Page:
rationality, and from a true understand ding that other beings are
      similarly rational, we expect entities smarter than ourselves to
      perceive the ethical imperatives more clearly – not from greater
      compassion, but from greater credence given to the force of rational
      argument.

      Getting the Gods we Deserve; Deserving Those We Get

      This is a grounds for hope, but not a guarantee. Intelligences can have
      many forms and limitations, and because the first ultra-human
      intelligence we encounter is likely to be one designed by us, that
      design will determine our fate: Utopia or Armageddon. The first
      intelligence capable of direct self-augmentation will surpass everything
      we can imagine in days, possibly hours. At that point, its will will be
      unstoppable.

      So the question is, what will be it will? To enslave or to exalt? That
      in turn depends heavily on the environment in which the flowering takes
      place, and the motives of those who make it happen. The most likely
      place for it to happen is probably a military lab. I shudder to think
      what kind of flowering such an environment will produce.

      The folks at the Singularity Institute have thought a lot about this,
      and have come up with the notion of "Friendly AI,"
      http://www.singinst.org/ourresearch/publications/CFAI//
      <http://www.singinst.org/ourresearch/publications/CFAI/> , which offers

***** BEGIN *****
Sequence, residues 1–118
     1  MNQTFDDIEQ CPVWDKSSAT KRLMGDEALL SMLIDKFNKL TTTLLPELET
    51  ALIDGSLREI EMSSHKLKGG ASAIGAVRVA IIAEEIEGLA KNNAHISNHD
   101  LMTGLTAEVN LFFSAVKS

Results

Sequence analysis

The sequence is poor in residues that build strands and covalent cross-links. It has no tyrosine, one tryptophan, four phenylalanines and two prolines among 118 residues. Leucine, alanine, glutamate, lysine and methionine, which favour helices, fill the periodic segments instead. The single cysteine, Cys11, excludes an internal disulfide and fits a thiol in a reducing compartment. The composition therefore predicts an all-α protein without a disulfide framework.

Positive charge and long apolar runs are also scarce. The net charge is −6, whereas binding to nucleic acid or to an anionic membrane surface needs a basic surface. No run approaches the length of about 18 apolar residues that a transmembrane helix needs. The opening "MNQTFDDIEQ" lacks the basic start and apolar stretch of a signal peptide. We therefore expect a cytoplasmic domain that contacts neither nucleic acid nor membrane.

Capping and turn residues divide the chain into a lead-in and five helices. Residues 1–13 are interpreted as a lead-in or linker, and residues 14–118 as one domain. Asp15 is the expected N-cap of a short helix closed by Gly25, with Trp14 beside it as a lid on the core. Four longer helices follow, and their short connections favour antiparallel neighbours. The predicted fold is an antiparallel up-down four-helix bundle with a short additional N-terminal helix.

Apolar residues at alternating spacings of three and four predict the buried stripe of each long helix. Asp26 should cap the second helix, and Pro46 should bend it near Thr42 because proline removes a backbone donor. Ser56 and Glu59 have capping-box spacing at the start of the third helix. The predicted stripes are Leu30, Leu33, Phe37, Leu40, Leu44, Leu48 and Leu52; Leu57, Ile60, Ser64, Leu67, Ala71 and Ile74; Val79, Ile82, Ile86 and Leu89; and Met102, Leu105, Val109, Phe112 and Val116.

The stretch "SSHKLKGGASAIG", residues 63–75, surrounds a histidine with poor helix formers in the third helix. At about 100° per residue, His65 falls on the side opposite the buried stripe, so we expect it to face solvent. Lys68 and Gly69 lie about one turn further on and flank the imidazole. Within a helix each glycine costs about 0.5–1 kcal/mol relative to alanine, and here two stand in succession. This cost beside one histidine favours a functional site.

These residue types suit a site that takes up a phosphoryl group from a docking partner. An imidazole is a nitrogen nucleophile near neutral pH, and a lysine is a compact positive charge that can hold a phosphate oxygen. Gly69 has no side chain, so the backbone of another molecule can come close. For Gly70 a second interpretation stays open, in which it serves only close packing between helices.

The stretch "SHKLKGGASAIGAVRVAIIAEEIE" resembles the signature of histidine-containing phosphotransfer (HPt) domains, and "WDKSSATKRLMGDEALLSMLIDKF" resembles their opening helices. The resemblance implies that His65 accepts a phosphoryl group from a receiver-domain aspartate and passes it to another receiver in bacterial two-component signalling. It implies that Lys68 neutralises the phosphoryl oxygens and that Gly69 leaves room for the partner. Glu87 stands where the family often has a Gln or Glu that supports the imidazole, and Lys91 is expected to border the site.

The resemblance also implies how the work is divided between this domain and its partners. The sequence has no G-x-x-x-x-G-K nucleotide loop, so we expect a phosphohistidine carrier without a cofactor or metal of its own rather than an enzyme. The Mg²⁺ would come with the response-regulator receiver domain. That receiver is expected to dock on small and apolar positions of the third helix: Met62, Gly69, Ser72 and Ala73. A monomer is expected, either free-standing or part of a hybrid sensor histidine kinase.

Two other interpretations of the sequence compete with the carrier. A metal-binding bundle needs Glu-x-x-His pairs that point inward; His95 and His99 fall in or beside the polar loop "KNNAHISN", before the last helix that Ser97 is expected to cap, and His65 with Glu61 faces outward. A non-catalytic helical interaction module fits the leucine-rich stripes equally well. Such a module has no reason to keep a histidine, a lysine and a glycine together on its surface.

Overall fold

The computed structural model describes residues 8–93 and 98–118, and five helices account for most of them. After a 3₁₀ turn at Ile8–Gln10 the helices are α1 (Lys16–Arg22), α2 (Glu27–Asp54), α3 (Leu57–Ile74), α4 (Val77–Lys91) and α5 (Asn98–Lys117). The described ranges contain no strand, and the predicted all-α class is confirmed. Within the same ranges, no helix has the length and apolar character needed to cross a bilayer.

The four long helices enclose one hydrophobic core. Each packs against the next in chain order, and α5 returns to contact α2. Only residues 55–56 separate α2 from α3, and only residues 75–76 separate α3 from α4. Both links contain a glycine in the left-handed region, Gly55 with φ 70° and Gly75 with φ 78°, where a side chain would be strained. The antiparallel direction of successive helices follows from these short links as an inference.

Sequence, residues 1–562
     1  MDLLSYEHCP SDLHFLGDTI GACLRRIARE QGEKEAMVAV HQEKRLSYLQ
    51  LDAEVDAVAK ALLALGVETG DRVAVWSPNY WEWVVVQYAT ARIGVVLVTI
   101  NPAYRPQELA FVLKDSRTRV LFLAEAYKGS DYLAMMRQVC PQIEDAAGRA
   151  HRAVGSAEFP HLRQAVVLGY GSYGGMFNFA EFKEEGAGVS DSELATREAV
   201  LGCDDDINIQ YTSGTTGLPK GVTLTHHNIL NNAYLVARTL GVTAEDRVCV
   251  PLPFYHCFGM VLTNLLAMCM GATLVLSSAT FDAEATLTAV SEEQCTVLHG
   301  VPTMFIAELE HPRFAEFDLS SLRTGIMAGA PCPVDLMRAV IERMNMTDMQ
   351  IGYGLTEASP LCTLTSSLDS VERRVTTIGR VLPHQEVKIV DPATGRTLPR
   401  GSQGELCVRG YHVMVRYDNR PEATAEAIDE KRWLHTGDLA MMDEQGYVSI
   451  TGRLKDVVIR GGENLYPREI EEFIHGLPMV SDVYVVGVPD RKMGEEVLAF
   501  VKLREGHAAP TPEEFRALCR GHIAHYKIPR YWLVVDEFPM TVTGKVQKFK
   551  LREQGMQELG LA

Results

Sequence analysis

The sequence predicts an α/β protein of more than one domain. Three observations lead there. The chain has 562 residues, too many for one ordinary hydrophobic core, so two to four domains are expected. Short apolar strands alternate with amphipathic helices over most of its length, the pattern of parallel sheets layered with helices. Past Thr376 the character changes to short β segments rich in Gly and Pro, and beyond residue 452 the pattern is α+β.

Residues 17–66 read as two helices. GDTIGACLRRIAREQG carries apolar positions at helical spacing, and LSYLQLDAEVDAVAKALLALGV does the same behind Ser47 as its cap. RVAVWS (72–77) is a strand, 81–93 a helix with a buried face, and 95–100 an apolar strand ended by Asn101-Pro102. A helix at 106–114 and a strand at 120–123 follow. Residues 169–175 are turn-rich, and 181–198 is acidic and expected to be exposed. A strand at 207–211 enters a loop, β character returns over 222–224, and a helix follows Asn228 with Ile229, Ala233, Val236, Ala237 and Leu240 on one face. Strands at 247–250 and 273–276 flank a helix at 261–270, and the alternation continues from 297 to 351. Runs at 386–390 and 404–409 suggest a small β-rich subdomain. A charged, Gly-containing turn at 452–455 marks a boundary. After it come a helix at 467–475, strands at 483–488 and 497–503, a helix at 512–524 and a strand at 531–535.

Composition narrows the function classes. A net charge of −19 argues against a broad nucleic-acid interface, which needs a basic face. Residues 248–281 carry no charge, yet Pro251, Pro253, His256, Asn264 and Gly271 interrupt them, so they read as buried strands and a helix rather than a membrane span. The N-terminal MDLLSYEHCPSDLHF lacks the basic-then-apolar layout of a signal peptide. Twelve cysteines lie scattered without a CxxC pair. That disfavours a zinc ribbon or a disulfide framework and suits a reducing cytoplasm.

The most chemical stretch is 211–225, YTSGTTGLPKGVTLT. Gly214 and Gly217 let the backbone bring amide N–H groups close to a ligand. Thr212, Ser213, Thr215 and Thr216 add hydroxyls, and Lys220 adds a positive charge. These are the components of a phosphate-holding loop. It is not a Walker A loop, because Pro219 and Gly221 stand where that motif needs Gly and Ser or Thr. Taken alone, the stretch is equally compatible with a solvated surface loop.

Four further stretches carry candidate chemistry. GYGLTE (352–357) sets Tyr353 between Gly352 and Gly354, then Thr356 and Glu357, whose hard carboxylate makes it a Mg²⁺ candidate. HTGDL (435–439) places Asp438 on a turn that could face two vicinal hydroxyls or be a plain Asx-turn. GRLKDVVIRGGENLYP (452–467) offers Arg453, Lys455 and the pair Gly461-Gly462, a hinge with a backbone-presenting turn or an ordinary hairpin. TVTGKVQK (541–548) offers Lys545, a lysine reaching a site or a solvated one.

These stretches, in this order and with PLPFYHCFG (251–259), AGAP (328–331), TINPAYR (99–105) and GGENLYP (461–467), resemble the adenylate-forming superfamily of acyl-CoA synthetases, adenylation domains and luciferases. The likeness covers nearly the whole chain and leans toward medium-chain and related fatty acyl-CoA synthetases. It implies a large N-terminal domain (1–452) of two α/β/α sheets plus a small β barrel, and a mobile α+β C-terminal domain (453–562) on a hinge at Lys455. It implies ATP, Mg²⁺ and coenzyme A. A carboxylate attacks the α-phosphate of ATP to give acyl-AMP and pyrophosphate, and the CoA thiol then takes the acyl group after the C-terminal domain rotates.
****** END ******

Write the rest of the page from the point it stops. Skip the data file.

a reasonably good first cut at describing the engineering problem of
      creating intelligences smarter than we who will not enslave or
      exterminate us.

      Although these engineering questions are essential, a more critical
      question is "What constellation of values and political and economic
      institutions will result in the self-augmenting intelligences created,
      whether human of machine-based, being "friendly" in roughly the SI's
      sense?" The answer is: pretty much the same set of values and
      institutions that we need for sustainability in the absence of the
      Singularity. If anything, the Singularity makes the problems of
      integrating environmental and equity concerns into our economic
      decision-making even more urgent.

      The coming of the Singularity adds to the urgency of creating
      institutions that lead to sustainability. When we examine our present